By NANCY COOK LAUER West Hawaii Today | Thursday, August 4, 2022, 12:05 a.m.
Hale Kikaha at The Friendly Place on Pawai Place is seen Wednesday afternoon. (Laura Ruminski/West Hawaii Today)
After being provided the data they requested, County Council members Wednesday were feeling a little more friendly toward the Friendly Place homeless shelter and approved extending its $10-a-year no-bid lease for up to four more years.
HOPE Services Hawaii, which has run the Friendly Place at 74-5593 Pawai Place in Kona’s Old Industrial Area since 2006, furnished the metrics council members had been asking for since early July in a communication time-stamped Monday.
That was enough to get the go-ahead from the council on an 8-0 vote, with Kona Councilwoman Rebecca Villegas absent.
According to the information provided, the emergency homeless shelter served 370 clients between July 1, 2016, and June 30 of this year. Another 390 were served the previous five years. In the most recent period, 38% were moved into permanent housing, while 48% had been moved the previous period.
While more than half (51%) of clients in the five years prior to July 1, 2016 were nonresidents, having lived in the area less than a year, that figure dropped significantly in the second period to 11%. That’s because, said HOPE Services Director Brandee Menino, the nonprofit more carefully screened applicants to ensure the program was prioritizing residents most in need of services in order to get those housed who’d been on the street the longest.
“We exceed the expectations of federal and state contracts in our performance,” Menino said, noting that the facility was only at half capacity last year because of construction, with just 56 living there.
Menino said the nonprofit receives about $14 million annually in state and federal grants and donations, with the Pawai Place facility costing a little more than $1 million annually. Other facilities are in Pahoa and Hilo.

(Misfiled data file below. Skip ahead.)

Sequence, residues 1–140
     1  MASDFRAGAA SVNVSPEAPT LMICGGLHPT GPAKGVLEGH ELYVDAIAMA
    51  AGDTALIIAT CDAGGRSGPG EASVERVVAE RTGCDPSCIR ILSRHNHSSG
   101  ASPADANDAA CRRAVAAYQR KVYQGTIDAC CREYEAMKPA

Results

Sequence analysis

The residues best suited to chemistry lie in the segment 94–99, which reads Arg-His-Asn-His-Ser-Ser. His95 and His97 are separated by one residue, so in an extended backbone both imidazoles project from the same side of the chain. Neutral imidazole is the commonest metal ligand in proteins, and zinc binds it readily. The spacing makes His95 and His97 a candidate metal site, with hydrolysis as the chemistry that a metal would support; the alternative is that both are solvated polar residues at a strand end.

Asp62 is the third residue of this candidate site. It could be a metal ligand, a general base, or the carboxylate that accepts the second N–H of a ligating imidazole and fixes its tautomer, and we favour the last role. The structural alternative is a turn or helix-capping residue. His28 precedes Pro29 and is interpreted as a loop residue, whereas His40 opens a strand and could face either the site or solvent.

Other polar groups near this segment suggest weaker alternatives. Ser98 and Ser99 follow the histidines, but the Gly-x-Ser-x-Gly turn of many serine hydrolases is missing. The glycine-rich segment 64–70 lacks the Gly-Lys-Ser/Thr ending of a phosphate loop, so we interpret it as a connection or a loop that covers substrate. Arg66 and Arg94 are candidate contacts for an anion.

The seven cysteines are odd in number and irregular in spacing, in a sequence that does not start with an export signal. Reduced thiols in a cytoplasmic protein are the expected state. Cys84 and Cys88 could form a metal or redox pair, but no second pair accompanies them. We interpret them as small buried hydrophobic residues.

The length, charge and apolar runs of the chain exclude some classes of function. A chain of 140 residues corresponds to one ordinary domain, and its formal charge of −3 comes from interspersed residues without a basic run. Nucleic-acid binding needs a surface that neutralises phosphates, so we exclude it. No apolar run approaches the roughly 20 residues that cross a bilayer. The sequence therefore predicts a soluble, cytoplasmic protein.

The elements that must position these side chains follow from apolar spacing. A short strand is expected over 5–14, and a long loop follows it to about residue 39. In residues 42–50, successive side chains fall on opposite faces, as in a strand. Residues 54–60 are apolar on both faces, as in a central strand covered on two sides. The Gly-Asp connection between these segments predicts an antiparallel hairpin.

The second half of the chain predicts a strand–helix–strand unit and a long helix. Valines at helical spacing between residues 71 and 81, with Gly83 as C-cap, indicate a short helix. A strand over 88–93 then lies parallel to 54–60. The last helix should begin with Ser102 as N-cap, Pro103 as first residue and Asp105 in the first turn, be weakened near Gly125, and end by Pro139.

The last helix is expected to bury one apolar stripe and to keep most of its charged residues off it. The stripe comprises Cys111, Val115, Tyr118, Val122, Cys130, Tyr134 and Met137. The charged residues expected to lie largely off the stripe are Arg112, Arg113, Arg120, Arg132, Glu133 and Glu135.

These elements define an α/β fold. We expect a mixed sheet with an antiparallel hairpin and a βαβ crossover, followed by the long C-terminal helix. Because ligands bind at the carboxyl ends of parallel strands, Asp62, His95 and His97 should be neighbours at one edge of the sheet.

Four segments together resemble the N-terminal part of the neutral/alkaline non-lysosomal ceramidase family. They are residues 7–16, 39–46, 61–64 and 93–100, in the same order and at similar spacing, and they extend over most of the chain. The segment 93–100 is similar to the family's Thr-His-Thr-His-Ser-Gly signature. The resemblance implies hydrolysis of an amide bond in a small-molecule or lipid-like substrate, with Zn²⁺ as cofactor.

The county paid the nonprofit about $1.5 million last year. HOPE Services doesn’t have a contract with the county to provide services, as they’re with state and federal granters, said Housing Administrator Susan Kunz. The only County Council input is through Resolution 445, allowing the lease agreement.
Villegas said at the last meeting that the community’s perception of the program is that it’s not working, because of tents erected outside the gates and loitering in the neighborhood.
But Menino said that generally happens during sweeps of homeless camps in other areas, bringing uprooted individuals to the Friendly Place.
Kristen Alice, director of community relations for HOPE Services, provided testimony at the beginning of the meeting, emphasizing she was speaking as an individual and not representing her employer.
“This comes down to the choice between facts and feelings. … There are a lot of knee-jerk reactions,” Alice said. “I ask you now to choose the facts and renew the lease.”
That comment apparently didn’t sit well with North Kona Councilman Holeka Inaba, who’d pushed for more details.
“You can only go with the feelings when you don’t have the facts and we have the facts now,” Inaba said before voting in favor of the lease.
Puna Councilman Matt Kanealii-Kleinfelder said he’d recently taken a tour of the facility and he was satisfied. He said as a business owner himself, he understands the frustration, “from picking up poop to trying to make sure your umbrellas don’t walk away.”
“They’re doing a great job in my eyes and I would like to see this lease continue.” Kanealii-Kleinfelder said.
Council Chairwoman Maile David, representing South Kona and Ka‘u, also praised the nonprofit.
“This is no reflection on you folks because I know what hard work you do,” David said.
Email Nancy Cook Lauer at email@example.com.